We hear a lot of misguiding information about inflation, cost of living, and a host of other myths that cloud the ongoing discussion.
If any of what people propose was true, standards of living would be heading down. The reality is that, over time, they only increase. In fact, today the average person is "wealthier" than JD Rockefeller, considered by many to be the richest man of all time.
It is a simple fact that the middle class is much better off in 2022 than the upper echelon was in 1922. The reason for this is the amount of innovation over the last 100 years.
So if this is the case, why do people miss it completely?
The answer to this lies in the fact that most do not see the incremental gains. Progress comes in the form of non-essential improvements that add up over time.
Many want to focus upon cost. This is a basis of the entire inflation discussion. People believe their purchasing power goes down over time. While this is true in certain areas, in the medium term, over the decades, the exact opposite happens. Real costs end up declining.
Before going into this, let me ask: what happen to the cost of can openers? Have they gone up or down?
The answer is close to the point where it doesn't matter. Here we see a discussion that is pointless. For a parallel that many are familiar with, you can think of CD or DVD players.
While the price of can openers might have risen, the real cost is in decline. There was an innovation that started to appear of late that will become the norm in the next 5 years. That is the tabs now placed on canned goods. Basically, many canned products like tuna fish and soups come with tops that can be peeled off.
Hence, there is no need for a can opener. This is an economic principle that is part of the CPI weighting that using substitution. So while people can bitch about the cost of can openers going through the roof, the reality is they will not be needed in a few years.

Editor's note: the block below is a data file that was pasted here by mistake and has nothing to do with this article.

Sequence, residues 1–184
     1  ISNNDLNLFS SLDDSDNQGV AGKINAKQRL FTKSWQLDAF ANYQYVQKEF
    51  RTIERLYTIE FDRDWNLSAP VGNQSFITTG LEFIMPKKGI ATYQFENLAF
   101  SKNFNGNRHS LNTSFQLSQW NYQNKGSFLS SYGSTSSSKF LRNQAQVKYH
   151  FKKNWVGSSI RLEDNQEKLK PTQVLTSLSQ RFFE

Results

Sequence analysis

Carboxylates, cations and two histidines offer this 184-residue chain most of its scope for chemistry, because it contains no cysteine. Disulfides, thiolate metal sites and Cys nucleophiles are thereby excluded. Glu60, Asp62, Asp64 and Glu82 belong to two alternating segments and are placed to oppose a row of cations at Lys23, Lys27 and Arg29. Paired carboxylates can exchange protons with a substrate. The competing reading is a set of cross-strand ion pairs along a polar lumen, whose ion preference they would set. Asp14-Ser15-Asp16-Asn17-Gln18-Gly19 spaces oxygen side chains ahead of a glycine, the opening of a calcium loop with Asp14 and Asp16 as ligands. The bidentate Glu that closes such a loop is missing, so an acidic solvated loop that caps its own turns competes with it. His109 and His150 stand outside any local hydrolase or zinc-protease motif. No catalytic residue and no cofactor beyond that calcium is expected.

After all, how often do we need bottle openers. Before twist tops, this was the norm.
Could the world have gotten by without these new tops? Of course. Were they major technological advancements? Not in the least. Yet here we see how society is changing because of this.
Now multiply this by 10,000 different instances in your home or office.
Small Drops Of Innovation
Donald J. Boudreaux posited this idea in The Prosperity Pool. Basically, we are looking at innovations that go unnoticed.
He uses the idea of Arthur Scott and the paper towel. This was developed in the 1930s. Again, could the world do without them? Yes, it did not alter the course of humanity like the automobile or PC. However, each day, tens of millions of househods in the developed world use this product.
Here is the question: how has the paper towel changed over the years?
Today, we have two and three ply. This is much different than the product Scott rolled out. We also can see that while the pricing increased, the product itself is of much different quality. They are also textured for addition absorbtion. All of this is omitted from conversations pertaining to living standards.
The small drops of innovation are the millions of contributions by smaller entities that do not change the world. On their own, they are rather insignificant. Yet, when we take the totality, we see enormous change in the way we live.
JD Was A Poor Man
JD Rockefeller owned some of the most pritine real estate in the world. He could afford to arrive anywhere he went in style, being driven around in a limosine.
Of course, we have to keep in mind that most of his properties did not have air conditioning so he had no choice but to sweat.
If he wanted to travel to his other residences, the trip would take days, if not weeks. There was no shuttling from NY to LA in 6 or 8 hours. Air travel was not a common practice for much of his later life. Also, if he chose to drive, the interstate highway system was not built until the 1950s. Thus, the way to travel from NY to Washington, as an example, was by train. Naturally, this was not a bullet train (high speed rail) since that wasn't invented yet.
Leaving the major technological advancements aside, what was plumbing like in the 1910s? How about sewage systems? Did he have the ability to have the light turn on and off without him there? What about setting an alarm to wake up? Did he have to do it each night or could he simply put it on repeat?
We know the answers to these questions.
While Rockefeller was the wealthiest man in the world, he lacked what the most basic household in the developed world has. And we are not even entertaining the idea of a laptop, smartphone, or Internet.
Keep all this in mind the next time you hear someone espousing about the decline in purchasing power.
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